More MS news articles for May 2002

Charlie Courtauld: Introducing Me Week

21 April 2002

I am not big on Days. Or Weeks for that matter. And particularly not Years. International Aids Day, Christian Aid Week, Breast Awareness Year. There seem to be a lot of them around just now, ensuring that we can feel guilty about our inaction all year round. To my mind, these are mostly just fundraising gimmicks, designed to catch the eye of bored news editors on slow days and then to lie forgotten for another 12 months.

But having said that, I should point out that today is MS Day, the culmination of MS Week, and that if you have a spare fiver left in your wallet this Sunday despite Chancellor Brown's best efforts then you could do a lot worse than to put it in an envelope and send it to the Multiple Sclerosis Society. You'll feel good. I may one day feel better, thanks to you.

Not least because MS is one area in which medical research is galloping ahead. So fast, in fact, that it could totally mess up the projections and assumptions of this week's Wanless Report, and the budget which followed. Even the Wanless Report's subtitle, "Taking a Long-Term View", implies that a seamless graph of NHS expenditure can be planned, with continued year-on-year boosts to the health budget. Not so. Mr Wanless recognises the potential problem. On page 127 of his report, he notes that: "The review recommends that further research is required in attempting to isolate the impact of technological change on health care spending." In other words: "I haven't got a clue what'll happen next."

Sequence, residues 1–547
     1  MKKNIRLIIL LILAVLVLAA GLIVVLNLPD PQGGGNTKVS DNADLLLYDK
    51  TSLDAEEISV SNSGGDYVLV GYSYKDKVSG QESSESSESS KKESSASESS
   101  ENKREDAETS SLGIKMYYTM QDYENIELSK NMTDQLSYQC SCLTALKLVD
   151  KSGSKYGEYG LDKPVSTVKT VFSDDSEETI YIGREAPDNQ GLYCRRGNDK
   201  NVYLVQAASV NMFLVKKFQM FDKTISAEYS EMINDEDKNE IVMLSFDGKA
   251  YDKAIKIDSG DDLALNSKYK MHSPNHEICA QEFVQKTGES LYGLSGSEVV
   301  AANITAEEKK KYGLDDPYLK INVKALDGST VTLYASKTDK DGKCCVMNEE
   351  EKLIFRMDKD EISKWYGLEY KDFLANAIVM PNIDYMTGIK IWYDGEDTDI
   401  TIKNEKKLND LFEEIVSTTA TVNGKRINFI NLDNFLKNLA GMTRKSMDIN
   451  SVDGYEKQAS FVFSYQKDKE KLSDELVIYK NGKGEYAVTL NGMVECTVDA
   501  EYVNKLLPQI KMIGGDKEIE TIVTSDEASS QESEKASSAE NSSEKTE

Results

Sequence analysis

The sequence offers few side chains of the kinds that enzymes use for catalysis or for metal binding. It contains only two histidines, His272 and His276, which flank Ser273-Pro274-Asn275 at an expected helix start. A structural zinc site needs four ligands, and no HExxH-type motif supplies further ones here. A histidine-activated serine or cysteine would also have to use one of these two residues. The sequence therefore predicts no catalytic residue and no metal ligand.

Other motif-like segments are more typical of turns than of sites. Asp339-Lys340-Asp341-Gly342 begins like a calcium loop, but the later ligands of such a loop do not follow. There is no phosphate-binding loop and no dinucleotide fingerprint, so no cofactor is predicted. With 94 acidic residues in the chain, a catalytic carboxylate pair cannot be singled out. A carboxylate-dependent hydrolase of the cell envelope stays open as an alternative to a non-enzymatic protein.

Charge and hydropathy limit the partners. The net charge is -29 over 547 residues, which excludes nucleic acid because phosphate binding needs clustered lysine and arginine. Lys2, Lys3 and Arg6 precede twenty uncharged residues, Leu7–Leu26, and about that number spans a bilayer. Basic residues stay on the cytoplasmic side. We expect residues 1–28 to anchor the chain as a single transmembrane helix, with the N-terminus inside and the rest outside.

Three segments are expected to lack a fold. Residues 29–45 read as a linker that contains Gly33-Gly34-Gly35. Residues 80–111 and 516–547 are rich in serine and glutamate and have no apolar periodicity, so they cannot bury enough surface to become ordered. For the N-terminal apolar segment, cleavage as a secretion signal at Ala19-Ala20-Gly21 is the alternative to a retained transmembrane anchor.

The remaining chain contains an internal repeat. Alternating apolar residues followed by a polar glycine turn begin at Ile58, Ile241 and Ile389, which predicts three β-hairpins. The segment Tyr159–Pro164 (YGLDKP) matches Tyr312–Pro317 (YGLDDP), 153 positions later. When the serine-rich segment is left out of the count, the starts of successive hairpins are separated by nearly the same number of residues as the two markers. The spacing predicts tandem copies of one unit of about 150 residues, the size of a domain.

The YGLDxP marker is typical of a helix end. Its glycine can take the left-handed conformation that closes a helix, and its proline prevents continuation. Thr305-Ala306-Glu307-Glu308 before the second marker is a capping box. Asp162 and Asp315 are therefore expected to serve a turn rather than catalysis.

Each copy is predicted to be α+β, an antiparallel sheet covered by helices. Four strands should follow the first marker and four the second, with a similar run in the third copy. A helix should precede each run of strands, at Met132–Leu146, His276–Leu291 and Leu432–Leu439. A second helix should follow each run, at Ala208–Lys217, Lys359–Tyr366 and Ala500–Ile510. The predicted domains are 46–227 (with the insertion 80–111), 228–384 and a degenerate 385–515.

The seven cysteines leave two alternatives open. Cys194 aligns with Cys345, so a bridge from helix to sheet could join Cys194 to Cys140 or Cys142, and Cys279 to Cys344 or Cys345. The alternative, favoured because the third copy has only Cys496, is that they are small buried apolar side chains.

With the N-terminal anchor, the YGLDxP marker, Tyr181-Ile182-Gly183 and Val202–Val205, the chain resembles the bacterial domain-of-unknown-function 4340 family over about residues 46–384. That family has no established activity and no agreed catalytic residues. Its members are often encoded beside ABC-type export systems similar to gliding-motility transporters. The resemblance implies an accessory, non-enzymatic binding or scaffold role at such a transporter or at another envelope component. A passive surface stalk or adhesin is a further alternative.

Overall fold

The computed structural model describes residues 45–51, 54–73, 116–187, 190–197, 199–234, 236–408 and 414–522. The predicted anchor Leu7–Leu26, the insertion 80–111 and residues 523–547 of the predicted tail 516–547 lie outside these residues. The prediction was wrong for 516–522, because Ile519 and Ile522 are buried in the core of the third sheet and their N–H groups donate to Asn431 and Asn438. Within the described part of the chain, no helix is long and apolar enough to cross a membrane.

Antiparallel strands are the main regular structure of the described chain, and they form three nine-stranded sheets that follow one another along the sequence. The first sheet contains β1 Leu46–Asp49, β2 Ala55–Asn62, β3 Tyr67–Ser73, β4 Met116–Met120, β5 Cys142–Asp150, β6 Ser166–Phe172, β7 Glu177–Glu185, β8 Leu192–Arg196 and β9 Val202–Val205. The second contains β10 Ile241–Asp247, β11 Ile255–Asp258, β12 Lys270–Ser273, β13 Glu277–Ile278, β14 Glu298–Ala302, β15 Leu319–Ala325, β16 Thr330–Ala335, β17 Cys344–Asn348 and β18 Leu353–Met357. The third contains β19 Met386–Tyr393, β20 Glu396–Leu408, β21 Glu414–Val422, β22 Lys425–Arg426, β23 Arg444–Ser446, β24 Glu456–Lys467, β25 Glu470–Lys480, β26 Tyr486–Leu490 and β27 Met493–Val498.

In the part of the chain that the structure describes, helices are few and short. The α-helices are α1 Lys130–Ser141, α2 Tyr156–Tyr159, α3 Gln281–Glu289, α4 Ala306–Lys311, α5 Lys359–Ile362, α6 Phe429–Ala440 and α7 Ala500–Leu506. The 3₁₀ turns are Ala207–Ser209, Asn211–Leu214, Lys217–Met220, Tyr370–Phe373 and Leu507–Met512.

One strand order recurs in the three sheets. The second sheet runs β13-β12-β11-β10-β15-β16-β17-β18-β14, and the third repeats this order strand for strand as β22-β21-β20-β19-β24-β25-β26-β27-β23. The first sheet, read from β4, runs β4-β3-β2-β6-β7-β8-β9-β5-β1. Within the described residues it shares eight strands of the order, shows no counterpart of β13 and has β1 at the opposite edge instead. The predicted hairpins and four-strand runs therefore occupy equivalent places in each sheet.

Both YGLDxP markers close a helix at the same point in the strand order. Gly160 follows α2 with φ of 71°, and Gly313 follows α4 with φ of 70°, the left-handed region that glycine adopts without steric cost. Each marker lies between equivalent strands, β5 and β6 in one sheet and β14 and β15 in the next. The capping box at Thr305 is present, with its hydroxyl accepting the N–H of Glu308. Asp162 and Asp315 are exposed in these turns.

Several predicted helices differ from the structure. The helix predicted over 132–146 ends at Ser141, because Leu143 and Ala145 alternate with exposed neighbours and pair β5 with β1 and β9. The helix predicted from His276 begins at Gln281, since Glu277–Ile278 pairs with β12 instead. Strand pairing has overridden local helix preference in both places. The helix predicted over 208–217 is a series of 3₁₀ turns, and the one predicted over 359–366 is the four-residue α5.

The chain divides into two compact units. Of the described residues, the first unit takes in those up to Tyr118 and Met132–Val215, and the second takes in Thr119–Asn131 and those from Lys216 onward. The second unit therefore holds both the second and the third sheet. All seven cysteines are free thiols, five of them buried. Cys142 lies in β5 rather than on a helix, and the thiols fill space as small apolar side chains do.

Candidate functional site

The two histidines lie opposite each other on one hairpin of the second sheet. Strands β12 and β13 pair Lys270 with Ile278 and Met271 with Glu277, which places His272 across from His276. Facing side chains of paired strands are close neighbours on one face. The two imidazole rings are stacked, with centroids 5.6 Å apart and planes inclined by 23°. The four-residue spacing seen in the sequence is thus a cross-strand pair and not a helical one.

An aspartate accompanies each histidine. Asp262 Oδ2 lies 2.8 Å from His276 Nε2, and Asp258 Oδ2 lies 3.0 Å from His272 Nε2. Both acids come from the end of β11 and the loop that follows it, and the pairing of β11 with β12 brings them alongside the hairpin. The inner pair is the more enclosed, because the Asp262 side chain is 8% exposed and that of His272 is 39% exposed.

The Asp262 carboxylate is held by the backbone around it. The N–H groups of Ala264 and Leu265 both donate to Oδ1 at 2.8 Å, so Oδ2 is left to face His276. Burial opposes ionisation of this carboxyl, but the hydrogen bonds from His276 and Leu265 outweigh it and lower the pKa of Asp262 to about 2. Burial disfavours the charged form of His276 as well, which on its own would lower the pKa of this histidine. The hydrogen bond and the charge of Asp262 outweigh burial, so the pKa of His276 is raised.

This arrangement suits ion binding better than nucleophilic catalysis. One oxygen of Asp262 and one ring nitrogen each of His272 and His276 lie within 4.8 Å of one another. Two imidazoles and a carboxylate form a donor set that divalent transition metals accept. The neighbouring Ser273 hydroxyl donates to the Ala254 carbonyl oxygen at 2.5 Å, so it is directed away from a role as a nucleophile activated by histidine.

On the day before Wanless was published, an American group of scientists announced initial findings which suggest that stem cell transplantation may well be helping some MS patients. If they're right, we're all going to want it. All 85,000 MS patients in the UK. How much is that going to cost, Derek? Medical breakthroughs tend to be both unpredictable and expensive. However much cash we throw at the NHS, however many committees are asked to look at future funding, these unpalatable prioritisations will have to be made. By elected politicians.

Copyright 2002, Independent Newspapers